At the time of year when many string players are spending their weekends performing at weddings, we share the best wedding gig disaster stories from The Strad’s readers and followers


Photo: Getty

A while back, The Strad’s editorial team and writers shared their wedding gig disaster stories, which involved botched proposals, cheese in shoes, spraying cats and musical misunderstandings. We asked for your wedding gig experiences, so here’s a roundup of The Strad community’s most unforgettable matrimonial musical memories, for better or worse.

Do you have a disastrous wedding performance story you’d like to share with us? Email us at and your story might feature in a future online article!

Reading The Strad’s wedding disaster stories ( reminded me of my younger years as a student in Cremona, when I did wedding gigs to make ends meet. I was lucky to be friends with an organist who was always happy to call me as a violinist for these occasions, and the extra cash was more than welcome.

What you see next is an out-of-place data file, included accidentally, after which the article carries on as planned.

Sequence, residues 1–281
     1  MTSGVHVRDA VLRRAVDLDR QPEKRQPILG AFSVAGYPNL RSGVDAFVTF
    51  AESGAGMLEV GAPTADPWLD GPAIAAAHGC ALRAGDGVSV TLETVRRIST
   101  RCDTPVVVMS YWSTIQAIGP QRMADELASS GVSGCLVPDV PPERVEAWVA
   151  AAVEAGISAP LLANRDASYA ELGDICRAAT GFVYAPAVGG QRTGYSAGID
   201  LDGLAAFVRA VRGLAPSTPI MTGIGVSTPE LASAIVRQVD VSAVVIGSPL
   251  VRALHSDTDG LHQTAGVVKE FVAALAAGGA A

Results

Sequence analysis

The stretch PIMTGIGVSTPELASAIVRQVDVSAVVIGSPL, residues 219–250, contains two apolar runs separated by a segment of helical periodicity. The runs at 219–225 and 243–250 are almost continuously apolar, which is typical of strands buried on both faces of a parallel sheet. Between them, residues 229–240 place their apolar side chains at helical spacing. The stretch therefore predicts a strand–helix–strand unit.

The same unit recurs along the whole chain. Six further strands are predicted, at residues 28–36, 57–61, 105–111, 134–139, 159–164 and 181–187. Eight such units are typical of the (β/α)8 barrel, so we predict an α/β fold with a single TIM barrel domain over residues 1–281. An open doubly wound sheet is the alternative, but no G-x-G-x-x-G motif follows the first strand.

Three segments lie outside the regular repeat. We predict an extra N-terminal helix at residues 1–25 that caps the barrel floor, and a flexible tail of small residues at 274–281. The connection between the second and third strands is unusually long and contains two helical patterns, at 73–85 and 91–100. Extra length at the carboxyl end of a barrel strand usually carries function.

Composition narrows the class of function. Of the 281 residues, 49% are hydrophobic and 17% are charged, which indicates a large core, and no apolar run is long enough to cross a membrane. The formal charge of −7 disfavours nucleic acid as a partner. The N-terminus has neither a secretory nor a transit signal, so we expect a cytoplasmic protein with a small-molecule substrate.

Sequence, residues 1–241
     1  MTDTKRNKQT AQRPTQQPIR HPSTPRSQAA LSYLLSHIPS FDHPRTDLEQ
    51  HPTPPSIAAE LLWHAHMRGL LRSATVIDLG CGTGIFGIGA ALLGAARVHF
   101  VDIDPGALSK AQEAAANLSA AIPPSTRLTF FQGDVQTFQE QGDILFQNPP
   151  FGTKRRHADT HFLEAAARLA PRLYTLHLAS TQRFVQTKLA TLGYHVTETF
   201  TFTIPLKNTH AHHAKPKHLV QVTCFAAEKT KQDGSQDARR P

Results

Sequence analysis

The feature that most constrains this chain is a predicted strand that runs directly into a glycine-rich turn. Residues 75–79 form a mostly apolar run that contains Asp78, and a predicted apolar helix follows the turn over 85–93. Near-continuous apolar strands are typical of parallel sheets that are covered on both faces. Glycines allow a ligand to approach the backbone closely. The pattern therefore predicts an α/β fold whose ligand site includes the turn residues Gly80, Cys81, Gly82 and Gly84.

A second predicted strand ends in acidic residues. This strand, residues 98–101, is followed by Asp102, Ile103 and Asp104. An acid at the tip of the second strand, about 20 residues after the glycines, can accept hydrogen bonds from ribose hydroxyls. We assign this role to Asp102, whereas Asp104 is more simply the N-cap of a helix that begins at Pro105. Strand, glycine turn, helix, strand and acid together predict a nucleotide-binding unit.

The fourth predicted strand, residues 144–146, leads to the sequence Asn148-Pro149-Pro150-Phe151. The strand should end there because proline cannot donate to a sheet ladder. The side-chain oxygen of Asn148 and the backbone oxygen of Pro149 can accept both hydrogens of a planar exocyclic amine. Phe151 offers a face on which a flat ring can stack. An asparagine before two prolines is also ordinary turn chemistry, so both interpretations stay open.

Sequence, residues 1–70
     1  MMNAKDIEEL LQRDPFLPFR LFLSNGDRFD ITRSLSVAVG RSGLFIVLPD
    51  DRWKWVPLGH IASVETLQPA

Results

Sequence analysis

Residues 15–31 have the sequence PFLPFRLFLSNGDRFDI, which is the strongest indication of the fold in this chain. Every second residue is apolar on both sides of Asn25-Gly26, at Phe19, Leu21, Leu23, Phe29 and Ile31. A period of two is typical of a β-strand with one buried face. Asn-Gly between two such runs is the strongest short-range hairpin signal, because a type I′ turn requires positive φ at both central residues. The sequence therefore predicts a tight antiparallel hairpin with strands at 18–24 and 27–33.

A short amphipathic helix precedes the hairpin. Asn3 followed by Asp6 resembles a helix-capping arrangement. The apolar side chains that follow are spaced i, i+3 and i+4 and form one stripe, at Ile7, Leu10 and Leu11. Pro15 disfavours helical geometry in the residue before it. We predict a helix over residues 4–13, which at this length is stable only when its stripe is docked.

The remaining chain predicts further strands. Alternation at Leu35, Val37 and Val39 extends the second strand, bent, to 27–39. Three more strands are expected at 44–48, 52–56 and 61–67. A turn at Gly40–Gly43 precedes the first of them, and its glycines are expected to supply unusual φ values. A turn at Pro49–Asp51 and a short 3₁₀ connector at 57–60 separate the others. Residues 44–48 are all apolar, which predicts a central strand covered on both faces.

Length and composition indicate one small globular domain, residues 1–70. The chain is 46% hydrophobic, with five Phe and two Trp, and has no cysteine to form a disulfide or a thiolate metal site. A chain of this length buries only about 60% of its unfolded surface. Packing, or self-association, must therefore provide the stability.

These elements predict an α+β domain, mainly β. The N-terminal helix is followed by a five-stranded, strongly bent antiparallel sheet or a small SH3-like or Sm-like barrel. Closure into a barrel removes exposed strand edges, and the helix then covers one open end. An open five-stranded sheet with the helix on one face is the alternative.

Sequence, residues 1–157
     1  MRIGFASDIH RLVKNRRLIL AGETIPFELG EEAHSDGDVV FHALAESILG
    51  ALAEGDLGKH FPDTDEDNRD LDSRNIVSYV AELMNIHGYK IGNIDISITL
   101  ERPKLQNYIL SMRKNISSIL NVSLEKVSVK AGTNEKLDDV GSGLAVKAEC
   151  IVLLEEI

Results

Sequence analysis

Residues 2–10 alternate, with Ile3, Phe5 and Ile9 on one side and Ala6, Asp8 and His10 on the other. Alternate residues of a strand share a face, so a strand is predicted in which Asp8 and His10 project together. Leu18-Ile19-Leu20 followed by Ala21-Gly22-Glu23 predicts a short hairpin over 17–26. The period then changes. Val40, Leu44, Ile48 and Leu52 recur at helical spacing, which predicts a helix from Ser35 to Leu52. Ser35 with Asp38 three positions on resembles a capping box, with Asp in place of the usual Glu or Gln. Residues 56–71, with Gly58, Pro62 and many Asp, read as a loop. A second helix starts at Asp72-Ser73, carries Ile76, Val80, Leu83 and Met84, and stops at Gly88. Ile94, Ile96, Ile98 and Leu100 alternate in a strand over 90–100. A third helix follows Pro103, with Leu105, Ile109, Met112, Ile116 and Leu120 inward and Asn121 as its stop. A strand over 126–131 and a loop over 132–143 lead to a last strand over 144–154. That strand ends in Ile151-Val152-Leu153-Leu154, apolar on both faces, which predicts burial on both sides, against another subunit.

One day I was called upon to perform a wedding gig in a village outside a town called Scandolara. The problem was there were two Scandolaras: Scandolara Ravara and Scandolara Ripa d’Oglio, and they were not even close to one another. So I made sure I got directions to the right one. 

The wedding was scheduled for 11am so half an hour earlier I showed up with the organist. There was no one in sight and the church was closed. Finally, at about 10.50am, the priest came out and started sweeping the entrance. Perturbed by the lack of people, we asked him when the wedding was scheduled and he said: ‘What wedding?’